Ryan Welch: Oh.  

David Horst: We had a lot of the people take on the golf cart are older people, and we wanted them to be able to see the collection up close. Yeah, well, we decided we were going to have to install limestone wall with anamosa stone.  

Ryan Welch: Oh 

Ryan Welch: Now is it called anamosa stone because it came from Anamosa. 

David Horst: Yes. Out near Anamosa. It's very good, hard stone that doesn't break apart through weathering.  

Ryan Welch: Yeah. Through to the usual ways the rocks are broken down. 

David Horst: Yeah, it's some of the best in this area.  

Ryan Welch: Oh.  

David Horst: So we purchased that and we leveled the path by digging and reinstalled this wall. And quite frankly, I think it added a lot to the garden.  

Ryan Welch: Yeah.  

David Horst: In appearance and it made it much easier for people to traverse the path. 

Ryan Welch: Yeah. 

David Horst: Visitor comfort and safety is important. At the beginning when we first laid out the house, the glen. We first started planning in groups or masses.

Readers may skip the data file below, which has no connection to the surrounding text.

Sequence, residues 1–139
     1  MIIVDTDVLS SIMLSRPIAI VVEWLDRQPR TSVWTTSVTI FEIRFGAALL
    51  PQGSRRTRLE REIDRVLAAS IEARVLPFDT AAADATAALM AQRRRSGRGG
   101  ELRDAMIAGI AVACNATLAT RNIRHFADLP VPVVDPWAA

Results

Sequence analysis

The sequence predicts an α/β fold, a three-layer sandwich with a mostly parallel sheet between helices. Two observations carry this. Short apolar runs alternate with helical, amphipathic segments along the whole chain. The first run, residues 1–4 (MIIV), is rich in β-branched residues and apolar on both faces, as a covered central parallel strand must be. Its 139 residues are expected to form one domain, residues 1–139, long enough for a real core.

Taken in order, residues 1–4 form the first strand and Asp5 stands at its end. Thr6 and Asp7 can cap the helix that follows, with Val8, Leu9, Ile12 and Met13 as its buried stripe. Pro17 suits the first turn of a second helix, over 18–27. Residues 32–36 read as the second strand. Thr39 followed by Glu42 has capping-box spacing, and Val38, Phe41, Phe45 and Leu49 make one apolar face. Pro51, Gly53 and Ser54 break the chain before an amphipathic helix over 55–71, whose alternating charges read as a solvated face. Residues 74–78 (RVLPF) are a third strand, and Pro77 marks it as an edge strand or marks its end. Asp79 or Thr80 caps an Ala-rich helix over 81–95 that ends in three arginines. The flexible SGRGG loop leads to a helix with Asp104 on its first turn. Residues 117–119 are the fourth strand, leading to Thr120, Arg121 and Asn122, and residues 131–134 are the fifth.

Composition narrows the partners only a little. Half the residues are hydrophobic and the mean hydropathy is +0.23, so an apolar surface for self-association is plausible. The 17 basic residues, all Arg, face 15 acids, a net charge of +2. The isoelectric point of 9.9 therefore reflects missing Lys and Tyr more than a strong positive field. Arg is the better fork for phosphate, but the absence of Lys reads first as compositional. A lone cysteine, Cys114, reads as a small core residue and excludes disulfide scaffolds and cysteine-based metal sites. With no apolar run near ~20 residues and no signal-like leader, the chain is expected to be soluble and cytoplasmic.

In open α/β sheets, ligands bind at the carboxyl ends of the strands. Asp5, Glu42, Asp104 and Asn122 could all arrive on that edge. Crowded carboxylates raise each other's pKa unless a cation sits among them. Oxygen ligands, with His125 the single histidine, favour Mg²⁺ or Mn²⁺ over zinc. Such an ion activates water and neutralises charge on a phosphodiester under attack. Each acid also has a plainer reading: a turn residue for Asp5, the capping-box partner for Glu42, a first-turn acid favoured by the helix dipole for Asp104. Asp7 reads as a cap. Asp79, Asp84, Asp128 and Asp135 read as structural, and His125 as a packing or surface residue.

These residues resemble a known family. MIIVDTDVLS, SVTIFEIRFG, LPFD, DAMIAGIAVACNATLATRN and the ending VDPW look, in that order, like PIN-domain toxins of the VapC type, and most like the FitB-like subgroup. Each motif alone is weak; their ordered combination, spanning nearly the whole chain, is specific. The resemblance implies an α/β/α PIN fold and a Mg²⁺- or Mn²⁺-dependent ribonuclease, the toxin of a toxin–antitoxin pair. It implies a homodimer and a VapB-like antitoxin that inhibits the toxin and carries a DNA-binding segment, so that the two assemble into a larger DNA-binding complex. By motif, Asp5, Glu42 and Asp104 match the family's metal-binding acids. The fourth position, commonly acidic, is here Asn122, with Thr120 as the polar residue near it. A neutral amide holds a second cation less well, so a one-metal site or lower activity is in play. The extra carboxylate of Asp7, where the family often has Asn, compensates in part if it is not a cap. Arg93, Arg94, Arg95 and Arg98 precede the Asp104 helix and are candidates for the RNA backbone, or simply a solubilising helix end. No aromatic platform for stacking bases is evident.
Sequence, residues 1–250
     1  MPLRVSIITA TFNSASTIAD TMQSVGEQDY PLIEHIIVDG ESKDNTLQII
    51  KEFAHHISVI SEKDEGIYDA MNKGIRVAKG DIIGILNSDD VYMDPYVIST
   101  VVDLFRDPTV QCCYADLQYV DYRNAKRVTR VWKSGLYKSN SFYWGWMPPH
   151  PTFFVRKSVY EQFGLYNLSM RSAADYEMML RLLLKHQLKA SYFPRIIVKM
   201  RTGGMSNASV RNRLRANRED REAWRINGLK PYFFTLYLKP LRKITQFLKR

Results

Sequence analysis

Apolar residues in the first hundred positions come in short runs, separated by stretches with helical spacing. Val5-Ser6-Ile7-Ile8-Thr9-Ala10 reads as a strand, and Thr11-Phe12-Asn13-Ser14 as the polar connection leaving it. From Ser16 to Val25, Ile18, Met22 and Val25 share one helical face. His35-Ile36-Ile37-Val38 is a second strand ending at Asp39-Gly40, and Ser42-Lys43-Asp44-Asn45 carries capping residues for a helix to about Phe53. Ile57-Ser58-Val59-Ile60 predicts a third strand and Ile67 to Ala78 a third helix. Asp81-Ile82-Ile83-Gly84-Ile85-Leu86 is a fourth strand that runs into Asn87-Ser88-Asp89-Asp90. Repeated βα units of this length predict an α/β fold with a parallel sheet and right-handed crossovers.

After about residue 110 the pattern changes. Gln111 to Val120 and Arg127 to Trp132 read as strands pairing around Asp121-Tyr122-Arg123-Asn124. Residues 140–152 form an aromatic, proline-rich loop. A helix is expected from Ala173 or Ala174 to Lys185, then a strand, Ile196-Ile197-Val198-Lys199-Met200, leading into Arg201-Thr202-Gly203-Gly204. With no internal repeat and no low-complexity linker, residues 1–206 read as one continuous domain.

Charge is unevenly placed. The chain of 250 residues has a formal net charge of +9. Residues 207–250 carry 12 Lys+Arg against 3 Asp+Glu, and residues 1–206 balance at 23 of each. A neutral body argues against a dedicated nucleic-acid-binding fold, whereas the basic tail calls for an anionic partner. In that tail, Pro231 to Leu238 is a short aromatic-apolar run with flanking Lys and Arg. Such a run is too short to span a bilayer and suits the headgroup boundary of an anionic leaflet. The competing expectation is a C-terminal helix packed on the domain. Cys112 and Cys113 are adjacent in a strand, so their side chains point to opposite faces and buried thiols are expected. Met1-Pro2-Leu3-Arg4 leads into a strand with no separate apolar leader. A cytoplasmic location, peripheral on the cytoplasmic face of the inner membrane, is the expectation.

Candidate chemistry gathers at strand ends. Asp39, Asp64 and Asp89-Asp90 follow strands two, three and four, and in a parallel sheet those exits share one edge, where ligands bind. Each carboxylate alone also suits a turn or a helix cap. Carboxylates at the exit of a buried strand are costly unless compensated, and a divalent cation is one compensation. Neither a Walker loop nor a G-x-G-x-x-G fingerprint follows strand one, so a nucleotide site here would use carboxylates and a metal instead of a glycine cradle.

Ryan Welch: Okay  

David Horst: Like we'd select the house, then we'd purchase 20 of them or all different numbers. 

We had different sizes of masses. 

Ryan Welch: But every variety you would not just get one plant of the trees. We got one tree, you know, one type of crabapple, you know, 24 different varieties. Crabapple one of each tree, the house houses. You want a little bit different route. 

Yes, you have one variety, but you may have about ten of those varieties planted all together. 

David Horst: That's right.